As promised in the previous post, here are some samples from the anniversary issue of the Journal de Spirou:
This week (Sunday, to be precise) is Spirou’s 75th “birthday,” and the magazine is celebrating with a double (100-page) anniversary issue almost entirely devoted to the character. We get short stories by nearly every living Spirou creator: Yoann & Vehlmann, Tarrin, Le Gall, Morvan & Munuera, a short strip by Bravo, Parme (with Véronique Dreher), Trondheim (with Hugo Piette), and Yann & Schwartz. Even Fournier contributes a short strip. The only ones missing seem to be Tome & Janry and Nic & Cauvin.
In addition there are tributes and pastiches by a bunch of other comic artists – too many to mention them all, but it might be worth highlighting Frank (Frank Pé), since he is working on a One Shot album with Zidrou. In general, the stories are quite short, parodic and “meta.” With the possible exception of the Yoann & Vehlmann story, they’re all firmly non-canon. Some gags work better than others, but few of them would seem to be “must-reads” for any Spirou fan. Still, it’s good fun, and I’ll post a gallery of some notable bits later on.
Sprint: På Skyggesiden av Z, the Norwegian edition of La face cachée du Z (Spirou #52, by Yoann and Vehlmann), has been nominated for a 2013 SPROING Award for “Best Translated Publication” (published in 2012). The SPROING Award is the main Norwegian comics award, awarded annually by Norsk Tegneserieforum (NTF, “Norwegian Comics Forum”) since 1987 in the categories “Best Norwegian Publication” and “Best Translated Publication,” and more recently also “Best Debut” and an “Open Category.” Previous winners of the award in this category include Calvin & Hobbes (Watterson 1988), Bone (Smith 1998, 2000) and Persepolis (Satrapi 2005).
The other nominees are:
- Aya fra Yopougon (Aya) by Marguerite Abouet and Clément Oubrerie (France / Ivory Coast)
- Skyttergravskrigen (It Was the War of the Trenches) by Jacques Tardi (France)
- Anyas Spøkelse (Anya’s Ghost) by Vera Brosgol (Russia / US)
- The Walking Dead by Robert Kirkman and Tony Moore (US)
Voting by members of NTF opens 19 April; no date has been set for the actual award.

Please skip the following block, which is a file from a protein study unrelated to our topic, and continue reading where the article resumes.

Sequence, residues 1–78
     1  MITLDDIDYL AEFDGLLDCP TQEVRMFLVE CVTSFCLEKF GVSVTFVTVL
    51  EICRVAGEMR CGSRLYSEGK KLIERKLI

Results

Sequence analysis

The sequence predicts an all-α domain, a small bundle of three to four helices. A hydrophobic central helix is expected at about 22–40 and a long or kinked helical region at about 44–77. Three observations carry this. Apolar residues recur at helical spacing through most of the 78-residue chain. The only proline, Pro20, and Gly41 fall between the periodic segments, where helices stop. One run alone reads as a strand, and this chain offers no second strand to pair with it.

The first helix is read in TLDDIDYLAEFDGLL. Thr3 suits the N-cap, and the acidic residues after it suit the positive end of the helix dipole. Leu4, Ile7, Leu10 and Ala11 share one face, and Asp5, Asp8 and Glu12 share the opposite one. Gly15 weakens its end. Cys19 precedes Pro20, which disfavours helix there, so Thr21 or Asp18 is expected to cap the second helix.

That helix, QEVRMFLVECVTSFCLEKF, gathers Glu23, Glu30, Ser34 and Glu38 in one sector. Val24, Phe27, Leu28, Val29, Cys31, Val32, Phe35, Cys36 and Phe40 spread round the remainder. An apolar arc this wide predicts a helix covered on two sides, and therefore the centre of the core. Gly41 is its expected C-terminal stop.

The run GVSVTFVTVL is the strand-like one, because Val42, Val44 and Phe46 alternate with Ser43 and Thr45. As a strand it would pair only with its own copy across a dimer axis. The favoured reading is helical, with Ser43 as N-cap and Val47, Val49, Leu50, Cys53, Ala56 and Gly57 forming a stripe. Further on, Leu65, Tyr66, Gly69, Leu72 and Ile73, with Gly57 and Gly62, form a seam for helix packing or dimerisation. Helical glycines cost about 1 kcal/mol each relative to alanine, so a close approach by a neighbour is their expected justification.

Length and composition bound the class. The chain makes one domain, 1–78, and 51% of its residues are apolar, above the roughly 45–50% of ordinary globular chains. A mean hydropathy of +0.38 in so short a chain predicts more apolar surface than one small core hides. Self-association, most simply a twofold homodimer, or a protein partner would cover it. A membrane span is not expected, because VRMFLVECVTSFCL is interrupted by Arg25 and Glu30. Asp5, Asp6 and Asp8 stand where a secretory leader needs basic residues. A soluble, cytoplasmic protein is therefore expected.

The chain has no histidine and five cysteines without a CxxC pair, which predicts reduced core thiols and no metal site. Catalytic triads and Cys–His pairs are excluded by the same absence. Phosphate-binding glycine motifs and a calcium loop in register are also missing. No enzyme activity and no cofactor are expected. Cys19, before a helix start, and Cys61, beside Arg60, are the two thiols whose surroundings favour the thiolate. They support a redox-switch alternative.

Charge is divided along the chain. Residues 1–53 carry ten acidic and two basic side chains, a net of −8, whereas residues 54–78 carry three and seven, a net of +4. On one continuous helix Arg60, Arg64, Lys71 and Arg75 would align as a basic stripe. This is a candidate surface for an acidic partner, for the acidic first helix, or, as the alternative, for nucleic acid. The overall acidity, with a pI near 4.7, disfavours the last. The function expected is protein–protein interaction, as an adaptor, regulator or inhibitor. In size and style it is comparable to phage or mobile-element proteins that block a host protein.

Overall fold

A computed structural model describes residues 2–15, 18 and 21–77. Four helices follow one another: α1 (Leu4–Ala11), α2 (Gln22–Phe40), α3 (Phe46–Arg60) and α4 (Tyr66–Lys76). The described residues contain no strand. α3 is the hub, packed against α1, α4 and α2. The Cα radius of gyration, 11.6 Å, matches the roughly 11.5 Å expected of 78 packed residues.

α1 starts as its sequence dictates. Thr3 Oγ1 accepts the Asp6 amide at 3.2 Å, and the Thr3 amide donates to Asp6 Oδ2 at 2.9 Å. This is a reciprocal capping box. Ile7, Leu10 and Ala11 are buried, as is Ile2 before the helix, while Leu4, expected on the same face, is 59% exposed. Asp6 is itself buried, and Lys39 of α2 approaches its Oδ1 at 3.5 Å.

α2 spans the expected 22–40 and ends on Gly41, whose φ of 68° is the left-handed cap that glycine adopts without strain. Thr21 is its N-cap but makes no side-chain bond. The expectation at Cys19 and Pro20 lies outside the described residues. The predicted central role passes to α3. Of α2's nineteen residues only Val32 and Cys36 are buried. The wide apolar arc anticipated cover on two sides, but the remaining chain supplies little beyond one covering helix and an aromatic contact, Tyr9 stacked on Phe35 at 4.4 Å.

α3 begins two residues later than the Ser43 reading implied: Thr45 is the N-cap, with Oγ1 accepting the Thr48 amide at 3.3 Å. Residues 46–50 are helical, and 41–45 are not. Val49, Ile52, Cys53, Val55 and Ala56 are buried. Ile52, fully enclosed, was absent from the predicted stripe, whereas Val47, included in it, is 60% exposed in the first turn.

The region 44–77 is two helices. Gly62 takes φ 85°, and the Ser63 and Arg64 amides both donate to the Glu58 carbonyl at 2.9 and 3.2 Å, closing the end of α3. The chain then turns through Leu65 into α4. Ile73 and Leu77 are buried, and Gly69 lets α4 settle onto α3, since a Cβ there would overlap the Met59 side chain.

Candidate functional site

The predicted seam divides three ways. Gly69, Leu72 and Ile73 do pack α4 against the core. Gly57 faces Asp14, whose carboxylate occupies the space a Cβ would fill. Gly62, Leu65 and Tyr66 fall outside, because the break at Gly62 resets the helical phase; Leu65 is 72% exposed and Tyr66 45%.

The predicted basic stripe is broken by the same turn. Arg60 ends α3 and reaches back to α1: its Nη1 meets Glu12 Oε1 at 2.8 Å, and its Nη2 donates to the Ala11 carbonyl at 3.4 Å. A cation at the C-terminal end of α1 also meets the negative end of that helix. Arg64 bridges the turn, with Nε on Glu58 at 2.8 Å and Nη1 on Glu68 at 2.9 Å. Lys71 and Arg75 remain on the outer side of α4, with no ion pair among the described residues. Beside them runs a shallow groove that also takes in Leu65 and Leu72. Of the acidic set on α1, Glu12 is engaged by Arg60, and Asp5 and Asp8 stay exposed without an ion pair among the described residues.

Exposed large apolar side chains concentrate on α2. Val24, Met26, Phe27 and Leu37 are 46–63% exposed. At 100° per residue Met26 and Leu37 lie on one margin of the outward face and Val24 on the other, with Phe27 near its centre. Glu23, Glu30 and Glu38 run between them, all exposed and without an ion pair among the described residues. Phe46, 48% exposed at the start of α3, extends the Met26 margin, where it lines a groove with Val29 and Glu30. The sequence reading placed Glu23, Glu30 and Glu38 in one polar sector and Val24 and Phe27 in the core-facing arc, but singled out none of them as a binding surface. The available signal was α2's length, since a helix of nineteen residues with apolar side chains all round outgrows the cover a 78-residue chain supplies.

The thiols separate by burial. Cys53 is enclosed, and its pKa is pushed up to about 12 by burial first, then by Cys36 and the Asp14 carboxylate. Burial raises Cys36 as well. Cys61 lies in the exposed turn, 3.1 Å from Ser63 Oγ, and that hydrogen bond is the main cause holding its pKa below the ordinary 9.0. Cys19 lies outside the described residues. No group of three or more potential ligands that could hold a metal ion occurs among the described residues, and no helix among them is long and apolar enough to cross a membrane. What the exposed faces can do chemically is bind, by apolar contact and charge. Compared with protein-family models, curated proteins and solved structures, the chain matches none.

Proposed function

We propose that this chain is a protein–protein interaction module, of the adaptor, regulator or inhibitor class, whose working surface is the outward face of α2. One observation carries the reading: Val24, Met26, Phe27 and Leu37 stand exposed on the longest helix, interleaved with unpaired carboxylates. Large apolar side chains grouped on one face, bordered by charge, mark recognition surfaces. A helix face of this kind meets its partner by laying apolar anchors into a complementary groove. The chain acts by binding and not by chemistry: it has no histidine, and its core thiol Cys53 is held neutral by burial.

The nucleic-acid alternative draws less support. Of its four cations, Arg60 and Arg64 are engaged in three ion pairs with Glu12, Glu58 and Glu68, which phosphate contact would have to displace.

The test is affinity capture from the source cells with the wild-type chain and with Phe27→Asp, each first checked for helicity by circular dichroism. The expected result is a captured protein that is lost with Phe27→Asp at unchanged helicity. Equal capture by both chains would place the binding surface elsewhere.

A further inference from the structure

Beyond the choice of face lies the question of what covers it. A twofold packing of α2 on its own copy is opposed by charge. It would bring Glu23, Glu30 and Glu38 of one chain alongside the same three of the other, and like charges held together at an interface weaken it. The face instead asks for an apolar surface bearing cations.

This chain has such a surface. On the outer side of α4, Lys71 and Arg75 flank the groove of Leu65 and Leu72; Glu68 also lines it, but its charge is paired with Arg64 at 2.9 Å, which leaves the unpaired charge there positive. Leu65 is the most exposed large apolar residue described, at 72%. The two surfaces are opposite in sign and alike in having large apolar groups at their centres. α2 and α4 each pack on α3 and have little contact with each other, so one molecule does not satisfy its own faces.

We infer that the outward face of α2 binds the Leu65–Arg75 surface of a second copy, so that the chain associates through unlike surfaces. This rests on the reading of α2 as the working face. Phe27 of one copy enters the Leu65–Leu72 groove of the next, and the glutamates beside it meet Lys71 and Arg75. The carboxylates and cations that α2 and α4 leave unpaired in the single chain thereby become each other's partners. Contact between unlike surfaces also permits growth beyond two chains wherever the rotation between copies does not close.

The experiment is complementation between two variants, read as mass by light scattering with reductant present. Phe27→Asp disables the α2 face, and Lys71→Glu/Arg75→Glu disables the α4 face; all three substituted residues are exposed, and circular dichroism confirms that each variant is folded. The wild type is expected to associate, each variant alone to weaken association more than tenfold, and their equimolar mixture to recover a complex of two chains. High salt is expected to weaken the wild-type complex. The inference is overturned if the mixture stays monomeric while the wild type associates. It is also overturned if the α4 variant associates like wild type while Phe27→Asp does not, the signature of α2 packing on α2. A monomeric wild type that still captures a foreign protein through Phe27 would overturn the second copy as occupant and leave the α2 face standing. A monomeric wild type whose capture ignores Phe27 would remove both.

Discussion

About a year ago, Fantagraphics announced that they would publish Franquin’s Last Laugh, a translation of Franquin’s classic Idées Noires. Much darker (both in tone and visually) than the Spirou and Gaston comics he became famous for, the often morbid “black thoughts” show another side of the master’s talents and personality, expressing his bitterness and existential despair – but also his pitch black sense of humor – as he struggled with clinical depression.
The book was originally set to ship this March, but the release date has been pushed back, and Amazon currently lists it for publication in July (though Fantagraphics claim it’ll ship in June). The delay is quite possibly related to the fact that Fantagraphics co-publisher Kim Thompson, the editor and translator of the book, has been diagnosed with lung cancer and stepped back from his job at the company.
Thompson has been a huge champion of European comics in English, and among many other achievements he translated the first English edition of a Spirou album, Fantasy Flight Publishing’s Z is for Zorglub. I wish him a speedy recovery and good health.
There’s been a lot of things going on in Spirou world lately, so a lot of these first few posts will be catching up. I’ll start off with a belated announcement:
Obviously, the big thing is that this year is the 75th anniversary of Spirou as a character, comic and magazine. Dupuis (the publisher) is making a big deal out of it, and have declared 2013 the “Year of the Bellhop” (l’année groom). This involves a bunch of special publications, which I’ll cover in a later post, as well as special events throughout Belgium and France, TV shows and documentaries, and a new digital edition of the magazine, called Spirou Z.
One of the cooler concepts for the celebrations is the Spirou Tour, with a program of events that (inspired by the album Z is for Zorglub) forms a big S across Belgium, France and Switzerland. It’s like a big book signing tour for the whole magazine, with lots of different artists visiting. Each event is accompanied by a special issue of the magazine devoted to that town. The latest one was in Lille on 30 March. I’ll try to cover one of these events later this year.
Hey there, and welcome to Spirou Reporter‘s first entry!
Spirou has many fans worldwide, but a lot of the news and publications are only available in French. Spirou Reporter is aimed at the non-francophone fan base, providing reporting and translations in English of everything Spirou-related. That includes publications in French as well as English, German, and the Scandinavian languages (+ others when there’s information available).
There’ll be plenty to write about, particularly as this is an anniversary year for the series. So hop on!